Virtue and Garments

Tuesday, July 14, 2020

When I was four years old, I wore dresses with stockings all the time whether at home, at school, or meeting friends. That was all my father considered acceptable attire. Although I must admit, my outfits were so adorable I wish I could share them with you. Pants were scandalous and shorts were a straight ticket to hell. There was such a fierce urge to protect the values and culture of our home country and religion, that anything related to Canada or western culture would be outright refused without discussion.

    However, once I graduated from kindergarten, gym class required pants or shorts in order to participate. This put my father at a crossroads. If he allowed me to wear pants where would it end? Would I be demanding to wear shorts and skirts soon as well? T-shirts? It was outrageous that I should be allowed to wear pants and be showing my arms and knobby elbows to the boys in my class! I, however, was thrilled to go to Zellers and BiWay to shop for my new wardrobe until I saw what my mother was picking out for me. I was being offered large-sized t-shirts that would come to my knees from the women's section and sweatpants loose enough to fit two of my legs through one hole. I wished I could go back to my dresses and stockings because at least I looked cute in them. 

    Once my mother started attending nursing school, she also fought to be able to wear pants and shirts to school for comfort reasons while continuing to wear a headscarf. My father did not know how to handle all this change. This was not headed in a good direction for him and in some ways, he was not wrong. 

    In one rotation during gym class, there would be tall ladders and other gymnastic equipment that was for our use. During this time, the requirement to climb the tall ladders was shorts. My other girlfriends who were Muslim and Pakistani were given permission by their parents to wear shorts just for this particular portion of gym class so that they are able to fully participate. I, unfortunately, was not given the same understanding by my parents. I would sadly mope along the balancing beams, wistfully gazing at the ladders while all my friends would abandon me to go play on the more exciting equipment. 

    It was not just the change in clothing that was terrifying, it was having to change clothes and interact with the opposite sex. Co-ed classes for both my mother and me in school would mean interaction with the opposite sex. Because he could not argue with my mother, he decided to pour all his focus into my education instead. This would become a new terrifying phase for me. My father would come by during school hours to peek into the class to see what I was doing and who I was interacting with. I would come home and be hit with rapid-fire questioning of why was my desk next to a boy's or why was I talking to a boy during class. If I explained that seat assignment was the decision of the teacher, my father would storm into class the following morning and demand my seat assignment be changed immediately. This would happen in front of other classmates and parents during schooltime. I would be so embarrassed I wished the floor would swallow me up so I would never have to return there again. If I was walking to the car with him after school or during lunch and a boy I knew said hello to me I would pretend I didn't hear and quickly look the other way and pray my father did not notice. This continued until grade six when he became too busy to follow me around anymore and there were two younger kids in the house.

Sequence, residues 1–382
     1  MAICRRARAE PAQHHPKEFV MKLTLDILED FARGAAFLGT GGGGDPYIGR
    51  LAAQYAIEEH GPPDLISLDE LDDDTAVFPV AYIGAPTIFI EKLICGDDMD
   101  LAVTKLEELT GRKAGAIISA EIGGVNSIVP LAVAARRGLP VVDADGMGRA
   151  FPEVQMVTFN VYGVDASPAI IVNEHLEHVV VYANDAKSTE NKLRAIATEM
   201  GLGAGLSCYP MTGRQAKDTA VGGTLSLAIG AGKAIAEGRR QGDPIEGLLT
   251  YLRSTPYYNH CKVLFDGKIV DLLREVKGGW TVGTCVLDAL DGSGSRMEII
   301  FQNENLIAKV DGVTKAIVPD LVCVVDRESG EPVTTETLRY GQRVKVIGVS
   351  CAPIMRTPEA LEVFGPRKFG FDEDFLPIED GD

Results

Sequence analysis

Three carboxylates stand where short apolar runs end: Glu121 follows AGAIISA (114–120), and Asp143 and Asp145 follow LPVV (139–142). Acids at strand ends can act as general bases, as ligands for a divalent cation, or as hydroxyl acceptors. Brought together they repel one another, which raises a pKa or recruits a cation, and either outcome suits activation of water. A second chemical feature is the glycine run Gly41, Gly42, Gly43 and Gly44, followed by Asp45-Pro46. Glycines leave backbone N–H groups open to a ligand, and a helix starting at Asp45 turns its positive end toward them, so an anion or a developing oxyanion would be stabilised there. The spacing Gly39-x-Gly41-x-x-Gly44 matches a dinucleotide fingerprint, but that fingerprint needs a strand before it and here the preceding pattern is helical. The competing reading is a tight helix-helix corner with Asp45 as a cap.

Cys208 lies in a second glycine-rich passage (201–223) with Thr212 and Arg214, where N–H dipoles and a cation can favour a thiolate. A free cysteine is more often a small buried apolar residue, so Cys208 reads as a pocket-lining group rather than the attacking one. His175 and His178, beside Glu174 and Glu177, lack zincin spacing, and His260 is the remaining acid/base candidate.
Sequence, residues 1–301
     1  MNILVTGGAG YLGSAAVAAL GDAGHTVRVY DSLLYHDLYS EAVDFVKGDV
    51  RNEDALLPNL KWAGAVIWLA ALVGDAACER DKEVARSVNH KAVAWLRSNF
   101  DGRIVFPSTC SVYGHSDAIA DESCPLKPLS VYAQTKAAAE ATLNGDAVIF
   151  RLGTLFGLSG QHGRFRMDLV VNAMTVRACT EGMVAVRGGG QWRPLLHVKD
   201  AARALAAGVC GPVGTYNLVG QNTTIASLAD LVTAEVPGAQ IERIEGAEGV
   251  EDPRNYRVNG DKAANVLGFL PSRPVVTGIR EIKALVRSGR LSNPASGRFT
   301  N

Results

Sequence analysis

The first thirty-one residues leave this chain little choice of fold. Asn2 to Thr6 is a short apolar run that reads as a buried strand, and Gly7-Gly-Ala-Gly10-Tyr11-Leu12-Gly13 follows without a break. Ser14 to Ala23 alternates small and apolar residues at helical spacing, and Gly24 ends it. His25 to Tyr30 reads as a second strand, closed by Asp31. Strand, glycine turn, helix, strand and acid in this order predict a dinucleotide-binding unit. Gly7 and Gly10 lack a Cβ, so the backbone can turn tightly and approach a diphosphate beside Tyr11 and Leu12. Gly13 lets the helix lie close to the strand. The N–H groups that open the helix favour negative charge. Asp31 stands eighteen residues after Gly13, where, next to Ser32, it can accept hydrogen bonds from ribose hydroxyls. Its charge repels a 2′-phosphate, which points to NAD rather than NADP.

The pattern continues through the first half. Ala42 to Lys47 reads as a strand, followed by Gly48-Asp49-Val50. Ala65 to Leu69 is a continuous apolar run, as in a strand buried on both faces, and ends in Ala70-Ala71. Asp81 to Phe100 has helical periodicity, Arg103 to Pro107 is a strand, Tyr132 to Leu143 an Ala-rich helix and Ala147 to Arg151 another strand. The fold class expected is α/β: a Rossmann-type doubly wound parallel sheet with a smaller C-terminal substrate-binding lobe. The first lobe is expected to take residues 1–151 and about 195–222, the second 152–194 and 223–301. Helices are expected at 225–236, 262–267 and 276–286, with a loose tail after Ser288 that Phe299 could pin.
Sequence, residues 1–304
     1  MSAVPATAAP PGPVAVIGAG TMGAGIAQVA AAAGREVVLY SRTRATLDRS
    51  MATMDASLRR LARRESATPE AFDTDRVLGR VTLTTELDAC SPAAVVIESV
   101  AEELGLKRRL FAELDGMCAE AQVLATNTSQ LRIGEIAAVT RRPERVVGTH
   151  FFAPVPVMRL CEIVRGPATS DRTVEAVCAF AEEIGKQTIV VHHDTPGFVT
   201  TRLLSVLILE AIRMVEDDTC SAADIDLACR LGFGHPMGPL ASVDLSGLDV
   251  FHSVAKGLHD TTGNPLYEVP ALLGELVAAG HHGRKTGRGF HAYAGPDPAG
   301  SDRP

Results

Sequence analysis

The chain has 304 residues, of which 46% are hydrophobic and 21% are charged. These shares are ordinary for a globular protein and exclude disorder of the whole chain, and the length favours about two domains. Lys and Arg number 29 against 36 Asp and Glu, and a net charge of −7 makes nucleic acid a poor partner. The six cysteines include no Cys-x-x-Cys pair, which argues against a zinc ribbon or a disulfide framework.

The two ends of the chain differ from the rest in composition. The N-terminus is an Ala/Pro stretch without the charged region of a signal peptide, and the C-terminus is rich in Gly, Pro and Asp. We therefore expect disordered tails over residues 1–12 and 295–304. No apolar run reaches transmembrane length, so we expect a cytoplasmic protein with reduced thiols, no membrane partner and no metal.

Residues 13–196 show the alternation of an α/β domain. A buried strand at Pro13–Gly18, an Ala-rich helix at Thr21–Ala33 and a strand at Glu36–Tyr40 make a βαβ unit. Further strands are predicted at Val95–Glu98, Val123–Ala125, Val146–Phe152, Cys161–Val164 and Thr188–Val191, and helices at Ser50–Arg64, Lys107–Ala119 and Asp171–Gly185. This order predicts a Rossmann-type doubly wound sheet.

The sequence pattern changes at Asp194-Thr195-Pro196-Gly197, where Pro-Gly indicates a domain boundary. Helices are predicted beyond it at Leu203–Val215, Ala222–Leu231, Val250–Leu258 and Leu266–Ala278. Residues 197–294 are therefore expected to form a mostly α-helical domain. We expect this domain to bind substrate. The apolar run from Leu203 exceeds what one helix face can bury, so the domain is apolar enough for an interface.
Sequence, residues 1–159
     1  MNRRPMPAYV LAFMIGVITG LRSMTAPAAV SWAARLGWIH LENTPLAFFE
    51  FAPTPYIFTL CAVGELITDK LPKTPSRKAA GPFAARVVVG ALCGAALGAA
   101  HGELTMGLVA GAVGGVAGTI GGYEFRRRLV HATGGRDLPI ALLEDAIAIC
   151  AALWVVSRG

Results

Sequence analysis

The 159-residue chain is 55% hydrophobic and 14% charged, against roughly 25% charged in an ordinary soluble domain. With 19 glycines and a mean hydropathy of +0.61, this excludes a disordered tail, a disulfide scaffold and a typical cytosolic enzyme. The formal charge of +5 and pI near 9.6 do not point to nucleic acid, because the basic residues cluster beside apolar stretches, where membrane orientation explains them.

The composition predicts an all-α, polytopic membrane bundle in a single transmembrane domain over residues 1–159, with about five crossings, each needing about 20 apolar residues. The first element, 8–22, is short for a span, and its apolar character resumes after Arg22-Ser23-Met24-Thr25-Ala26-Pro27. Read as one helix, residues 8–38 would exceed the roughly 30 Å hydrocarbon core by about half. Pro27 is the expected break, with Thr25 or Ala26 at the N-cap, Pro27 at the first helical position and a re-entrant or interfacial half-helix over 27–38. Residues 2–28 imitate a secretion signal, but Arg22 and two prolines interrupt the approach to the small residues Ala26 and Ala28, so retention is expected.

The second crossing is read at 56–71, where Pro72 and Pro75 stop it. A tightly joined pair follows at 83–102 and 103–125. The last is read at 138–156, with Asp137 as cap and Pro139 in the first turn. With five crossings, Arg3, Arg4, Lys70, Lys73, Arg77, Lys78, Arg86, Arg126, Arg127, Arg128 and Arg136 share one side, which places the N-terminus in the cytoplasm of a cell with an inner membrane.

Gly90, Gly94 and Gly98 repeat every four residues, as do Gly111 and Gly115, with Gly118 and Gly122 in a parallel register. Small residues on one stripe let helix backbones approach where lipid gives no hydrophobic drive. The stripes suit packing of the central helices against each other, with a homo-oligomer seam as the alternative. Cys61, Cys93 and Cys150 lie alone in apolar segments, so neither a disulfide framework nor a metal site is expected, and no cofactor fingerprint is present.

I did not know how to recover from my approach of boys and men. Even when my parents were not hovering over me anymore I would still feel the racing in my heart when a boy talked to me. I felt like God was watching me and I was racking my sin points to hell every time a friendly boy would talk to me in class. This could also be because of the tight-knit community around me and I felt anyone at any point could see me make a mistake and it would get back to my parents one way or another. I built a wall between me and any boy that would try to talk to me. I was the weird awkward kid in school who would not look you in the eye when you spoke and try to run away as soon as the conversation was over. I would never initiate a conversation and try to remain in my safe spot in the background. I stayed in the background until I graduated high school. Once I started college, I slowly climbed out of my chrysalis into the world.

 I have continued to uphold my modest clothing sense into adulthood because that is what I feel comfortable in now. I did try on different styles of clothing and eventually found one in which I can express myself well without losing who I am and who I have become. Compared to my younger siblings, I am the tamest one of all!

Until next time,

Photo by Andre Mouton


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